Got there and the swarm was huge 4-5 pounds of bees and more like 10 foot up in the tree. My 6 ft ladder was too short. The home owner offered her pick up to set up the ladder in, now the ladder is 9 foot tall good enough. I'd recently hurt my finger and it is in a split, so I'm a little disadvantaged in getting this big swarm. So I'm up in the back of the truck, I see the method I'll use. The limbs are nearly 3 inches and will hardly shake. So I set the ladder under them as support if the box gets to heavy. I climb up on the side of the truck bed and grab hold of the limb for balance and shake the bees off. With my good hand I hold the card board nuk box just a few inches under the bees. I shake it as hard as I could and half the bees dropped right into my box! The other half stayed on the limb.
I set the box down in the bed of the truck and cover it. Bees start moving in, a few at a time. No bees are exiting, a very good sign. The rest of the bees thousands of them start to take flight in a swarm, they leave, circle and return. Bees everywhere in the air around us for a good 30 minutes. The bed liner in the truck looks like a landing strip, at first a foot wide and two foot long, growing to a mass of bees a foot wide by over four foot long. All moving slowly or waiting their turn as bees proceeded into the box 8-10 at a time. And no memory card, it was so cool!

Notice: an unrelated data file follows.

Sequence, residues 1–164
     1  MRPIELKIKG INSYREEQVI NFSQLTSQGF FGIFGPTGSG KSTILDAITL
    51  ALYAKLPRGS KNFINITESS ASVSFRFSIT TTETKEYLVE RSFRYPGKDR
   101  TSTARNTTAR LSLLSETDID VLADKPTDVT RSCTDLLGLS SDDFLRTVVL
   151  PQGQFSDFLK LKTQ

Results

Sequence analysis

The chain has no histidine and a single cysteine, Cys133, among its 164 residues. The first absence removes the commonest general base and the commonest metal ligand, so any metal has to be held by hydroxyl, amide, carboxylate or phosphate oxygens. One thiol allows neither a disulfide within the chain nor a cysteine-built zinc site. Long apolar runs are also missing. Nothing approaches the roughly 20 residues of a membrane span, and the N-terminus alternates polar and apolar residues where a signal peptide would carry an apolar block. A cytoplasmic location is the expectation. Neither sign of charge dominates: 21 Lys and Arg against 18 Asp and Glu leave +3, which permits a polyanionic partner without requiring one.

By the time only 40-50 bees were left I closed up the box and headed home with them. Thinking Meg will have a fit with me setting up a 6th hive in the yard. OK I'm going to the farm down the street, I'd talked about putting bees there a month ago, they were cool with it. I found the owner as they were eating lunch. We went and sighted out a spot for the bees, she carried the bees and I grabbed a concrete block to set them on. Set the bees up on the block and opened it up. With in minutes the bees were bearding out of the small nuk box as shown below.
After the hive was ready I grabbed the box and shook the bees off the front. Opened the nuk to find the two frames inside covered in bees and the rest of the box as well. Set the frames with bees inside and waited. Again a big flight of bees in the air and finally most went into the new bee hive.
I returned an hour of so later to get the cardboard nuk box and was told that one of the farm workers had been stung already. They laughed at me and said the bees were just settling in. I'm thinking another box will need to be put on this hive in a week or so. So I now have a sunny spot of my bees on a one acre farm.
The bee hive we cut out a week ago Saturday, I looked in on Friday. Bees hatching, drones galore and the combs all were secured to the frames already. Bad news is on Saturday David and I looked at the front of the hive and counted at least 6 bees with deformed wing virus on the ground in front of the hive.
The nuk I split from the main hive 30 days ago had a small amount of drone brood in it, I'll wait a few more days to see if it gets worker brood or not, and get a queen for them if need be.
Never thought bees would be so much fun. I mentioned my friend David was over on Saturday. They had an empty hive he was getting ready to install a package in next week. While they were here visiting a swarm moved into his hive!
More on gardening soon. Below is a camellia that surprised me on Saturday Camellia japonica 'April Dawn' our second ever bloom.
Been watering like crazy, no rain in sight everything is wilting with temps reaching into the mid 80s already. Broke the sprinkler this morning. Replaced the sprinkler and bought a broken one today. Meg found a really good metal sprinkler on her way home tonight.